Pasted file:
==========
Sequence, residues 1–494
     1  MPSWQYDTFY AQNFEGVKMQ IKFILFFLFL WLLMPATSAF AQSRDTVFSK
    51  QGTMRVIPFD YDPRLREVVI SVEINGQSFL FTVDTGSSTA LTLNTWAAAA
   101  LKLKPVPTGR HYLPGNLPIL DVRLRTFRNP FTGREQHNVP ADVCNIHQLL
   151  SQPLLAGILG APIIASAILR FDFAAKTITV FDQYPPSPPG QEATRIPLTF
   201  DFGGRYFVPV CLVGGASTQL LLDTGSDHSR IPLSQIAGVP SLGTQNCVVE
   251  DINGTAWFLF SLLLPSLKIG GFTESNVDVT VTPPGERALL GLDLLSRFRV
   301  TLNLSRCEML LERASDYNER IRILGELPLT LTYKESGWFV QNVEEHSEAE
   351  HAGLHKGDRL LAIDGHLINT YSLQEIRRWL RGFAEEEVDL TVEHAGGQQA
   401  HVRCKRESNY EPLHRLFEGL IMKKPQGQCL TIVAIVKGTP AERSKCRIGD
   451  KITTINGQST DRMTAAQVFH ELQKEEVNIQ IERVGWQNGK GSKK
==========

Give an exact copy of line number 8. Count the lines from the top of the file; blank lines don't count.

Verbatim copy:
   301  TLNLSRCEML LERASDYNER IRILGELPLT LTYKESGWFV QNVEEHSEAE